Avoiding a global food crisis

by Jan 31, 2011 No Comments
Beyond the Headlines: Environment
Action needed now to avoid world hunger

The notion that we are heading toward a global food crisis might not be new, but the Foresight Report on Food and Farming has for the first time given firm analytical weight to the argument that action is needed.

Commissioned by the UK Government, the report is the result of a two-year study involving 400 experts from 35 countries including Scotland. The aim of the project was to get a better idea of the food pressures facing the world between now and 2050 and identify the decisions that needed to be taken as soon as possible to help make sure it can cope with a population expected to rise to nine billion.

The report concluded that global food production faces five main challenges: balancing future demand and supply; ensuring stability in food supplies and protecting the vulnerable from instability; ending world hunger; minimising food production’s contribution to climate change and maintaining biodiversity.

It found that there were two existing problems that also needed to be tackled before future problems could be addressed. Firstly, with 925 million people currently experiencing hunger while one billion others are “substantially over-consuming”, this imbalance needs to be addressed. Secondly, many currently used systems of food production are unsustainable, causing environmental damage and in some cases helping to contribute to future woes. Problems such as soil erosion, loss of soil fertility, water shortages, over-fishing and reliance on fossil fuels for producing nitrogen fertilisers and pesticides.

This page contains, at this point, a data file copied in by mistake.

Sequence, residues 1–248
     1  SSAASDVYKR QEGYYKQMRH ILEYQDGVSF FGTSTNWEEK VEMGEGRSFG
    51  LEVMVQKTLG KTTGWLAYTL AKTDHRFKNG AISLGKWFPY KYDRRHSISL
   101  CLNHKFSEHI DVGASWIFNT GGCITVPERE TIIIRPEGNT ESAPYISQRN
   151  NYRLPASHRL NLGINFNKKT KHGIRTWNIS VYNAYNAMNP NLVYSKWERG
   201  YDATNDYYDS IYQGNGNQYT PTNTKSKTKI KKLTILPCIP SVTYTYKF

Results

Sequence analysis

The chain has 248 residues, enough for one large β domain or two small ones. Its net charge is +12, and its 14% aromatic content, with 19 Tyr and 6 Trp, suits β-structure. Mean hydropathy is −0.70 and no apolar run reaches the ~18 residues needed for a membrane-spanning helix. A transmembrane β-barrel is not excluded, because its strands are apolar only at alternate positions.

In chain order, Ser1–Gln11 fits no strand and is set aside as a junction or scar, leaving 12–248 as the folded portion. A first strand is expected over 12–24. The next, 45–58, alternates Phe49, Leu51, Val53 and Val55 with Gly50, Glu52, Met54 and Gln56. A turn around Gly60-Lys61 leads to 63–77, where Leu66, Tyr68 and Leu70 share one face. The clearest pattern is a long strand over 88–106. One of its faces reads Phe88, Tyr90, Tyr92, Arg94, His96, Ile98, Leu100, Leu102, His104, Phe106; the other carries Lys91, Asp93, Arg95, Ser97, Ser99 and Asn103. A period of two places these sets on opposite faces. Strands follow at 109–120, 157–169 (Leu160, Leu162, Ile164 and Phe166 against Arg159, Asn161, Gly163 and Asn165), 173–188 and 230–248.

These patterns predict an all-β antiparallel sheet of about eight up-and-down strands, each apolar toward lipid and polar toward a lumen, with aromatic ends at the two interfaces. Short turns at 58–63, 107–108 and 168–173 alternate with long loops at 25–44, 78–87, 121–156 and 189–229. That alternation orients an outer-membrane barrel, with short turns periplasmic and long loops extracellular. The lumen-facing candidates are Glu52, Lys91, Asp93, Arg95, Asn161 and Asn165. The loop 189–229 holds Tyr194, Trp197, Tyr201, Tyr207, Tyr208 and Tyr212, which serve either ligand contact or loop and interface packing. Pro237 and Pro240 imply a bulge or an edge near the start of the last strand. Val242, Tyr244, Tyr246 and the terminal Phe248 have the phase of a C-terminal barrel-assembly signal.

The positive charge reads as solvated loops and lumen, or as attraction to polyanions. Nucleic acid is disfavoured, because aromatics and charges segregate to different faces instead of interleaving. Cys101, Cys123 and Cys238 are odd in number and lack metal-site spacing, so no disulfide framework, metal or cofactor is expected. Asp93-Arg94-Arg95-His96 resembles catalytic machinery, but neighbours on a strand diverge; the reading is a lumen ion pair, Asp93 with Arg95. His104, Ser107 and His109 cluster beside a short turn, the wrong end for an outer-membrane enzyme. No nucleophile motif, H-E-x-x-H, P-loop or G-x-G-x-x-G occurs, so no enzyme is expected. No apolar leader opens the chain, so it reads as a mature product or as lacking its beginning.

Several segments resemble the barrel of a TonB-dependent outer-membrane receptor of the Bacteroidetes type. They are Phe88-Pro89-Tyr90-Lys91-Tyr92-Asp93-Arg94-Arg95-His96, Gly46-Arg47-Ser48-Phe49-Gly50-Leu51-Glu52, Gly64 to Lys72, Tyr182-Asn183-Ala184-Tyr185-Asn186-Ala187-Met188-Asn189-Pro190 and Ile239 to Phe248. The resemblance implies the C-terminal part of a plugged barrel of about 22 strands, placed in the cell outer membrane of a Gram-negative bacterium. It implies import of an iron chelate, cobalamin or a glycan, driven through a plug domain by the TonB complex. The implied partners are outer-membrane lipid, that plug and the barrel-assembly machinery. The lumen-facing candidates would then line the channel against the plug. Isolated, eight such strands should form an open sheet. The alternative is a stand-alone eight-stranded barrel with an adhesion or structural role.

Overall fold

Arguing that the food system needs to be viewed as a “partially self-organised collection of interacting parts”, the report concludes that interconnected policy-making between countries is “critical” and says that self-sufficiency is simply not an option. It also calls for investment in new technologies, demand for the most resource-intensive types of food to be contained, waste to be minimised and for climate change and food sustainability to be recognised as “dual imperatives”. On this final point, the report states: “Nothing less is required than a redesign of the whole food system to bring sustainability to the fore.”

NFU Scotland argues that action to address the crisis is already being taken at a Scottish level. It launched its Producing more with less document earlier this year in collaboration with Quality Meat Scotland and the Scottish Agricultural Organisation Society. The document outlined the three organisations’ commitment to fighting climate change.

Responding to the report, NFU Scotland President Jim McLaren said that for Scottish farmers to play their part in meeting future food requirements, “evolution rather than revolution” would be required.

He said: “The reality is that Scottish farmers are already delivering on the report’s central theme of a sustainable intensification of farming. Improving efficiency and reducing waste on Scottish farms has already seen our farmers produce more food while using fewer inputs.”

McLaren also stated that the biggest barrier to further change was the “dysfunctional nature of many of our supply chain arrangements”. Action on this will be needed to ensure Scotland can pull its weight as the demand for food intensifies.

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